The Untold Stories of Shoal Creek – Wood Street Property

July 3, 2014  | By Shoal Creek Conservancy

Shoal Creek Conservancy recently nominated the 702 Wood Street property, located along the Shoal Creek trail just north of the West 6th Street Bridge, for the Untold Marker Program of the Texas Historical Commission.

This property is the site of once thriving early African-American and Hispanic settlements along the creek. The marker would highlight the unique – and untold – history of these early Austin settlements as well as the legend of a buried Spanish treasure at the site, drawing attention to the history of our historically underrepresented communities and creating a destination along the trail.

A Unique Untold History

After the Civil War, hundreds of rural ex-slaves flocked to Austin taking shelter wherever they could including sheds, barns, and abandoned houses. The 702 and 623 Wood Street Houses were the last remnants of an early 20th century African American settlement on the banks of Shoal Creek that later housed Mexican-American working-class families. Austin’s freedmen communities were essentially residential neighborhoods and at least 60 years prior to the houses at Wood Street, one of many freedmen communities in Austin existed along the west bank of Shoal Creek. Much of this community was devastated by floods occurring throughout the late 19th and early 20th century, and an 1885 flood was documented as one of the most severe.

Much like freedmen communities in other parts of the country, this particular community had a school and church of its own, although there is no documented name for the community. We know that these communities were poor and uneducated and had very few resources. The houses at Wood Street were grouped in a markedly different fashion from nearby houses closer to 6th Street on both Wood and Henderson Streets that were inhabited by Anglo families working a range of occupations from small business owners to blue-collar workers and craftsmen.

While there is no photographic record of the removed Anglo houses, a 1935 map shows a more standard pattern of these houses compared to the clustering of houses that comprised the core of the minority neighborhood. Early inhabitants of the former African-American settlement included porters, yardmen, cooks, laborers, and drivers. Hispanic culture began to integrate itself into the settlement during the 1920’s and by the late 1940’s this was the majority race of families. Occupations of the Mexican-American families included tire repairmen, carpenters, meat cutters, and construction workers, such as Gregory Vasquez, who worked as a bricklayer and owned both houses from the 1950’s until very recently. Hispanic families continued to live in the neighborhood until the early 1980’s when most of the houses had disappeared due to flooding and demolishment.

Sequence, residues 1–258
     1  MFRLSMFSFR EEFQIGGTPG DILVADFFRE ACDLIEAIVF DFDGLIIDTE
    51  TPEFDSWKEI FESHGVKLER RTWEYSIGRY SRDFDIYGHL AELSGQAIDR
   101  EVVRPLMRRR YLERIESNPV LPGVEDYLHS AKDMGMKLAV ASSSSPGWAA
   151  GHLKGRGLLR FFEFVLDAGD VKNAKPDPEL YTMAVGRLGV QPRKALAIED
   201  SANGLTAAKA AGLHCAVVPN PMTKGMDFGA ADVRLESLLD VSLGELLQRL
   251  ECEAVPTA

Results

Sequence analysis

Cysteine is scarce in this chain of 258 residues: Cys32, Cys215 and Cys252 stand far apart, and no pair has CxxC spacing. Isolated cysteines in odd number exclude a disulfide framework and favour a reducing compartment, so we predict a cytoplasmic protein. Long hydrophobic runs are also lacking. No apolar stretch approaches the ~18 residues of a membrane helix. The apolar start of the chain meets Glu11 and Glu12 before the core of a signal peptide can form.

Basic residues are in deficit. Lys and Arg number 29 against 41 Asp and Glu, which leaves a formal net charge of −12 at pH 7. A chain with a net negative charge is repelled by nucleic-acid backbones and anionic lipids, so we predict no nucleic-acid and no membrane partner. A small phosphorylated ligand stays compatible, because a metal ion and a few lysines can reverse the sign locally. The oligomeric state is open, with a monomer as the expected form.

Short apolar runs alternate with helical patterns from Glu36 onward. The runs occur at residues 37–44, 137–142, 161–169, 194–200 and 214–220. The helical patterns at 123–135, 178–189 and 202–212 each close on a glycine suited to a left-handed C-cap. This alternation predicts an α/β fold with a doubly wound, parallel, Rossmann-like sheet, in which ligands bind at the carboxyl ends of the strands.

Legend of a buried treasure at Shoal Creek tells of a group of conspirators who stole three-million dollars form the Mexican payroll and buried it close to an oak tree with two eagle wings carved on it. A map is said to exist providing the exact coordinates of its location. Other folklore says workmen dug up the treasure in the early 20th century and that the money was instead confederate money buried by soldiers 60 years prior to its excavation.

A Story to Share

The Commission’s Untold Marker program is intended to address historical gaps, promote diversity of topics, and proactively document untold stories. Through this program, the Commission provides markers as well as research and documentation of the site’s significance.

If approved, a marker would be placed along the greenbelt to highlight the history of these settlements as well as the legend of a buried Spanish treasure at the site. The marker would draw attention to the history of Austin’s historically underrepresented communities and create a destination along the trail. This project is supported by the City of Austin, along with the property owner and community members.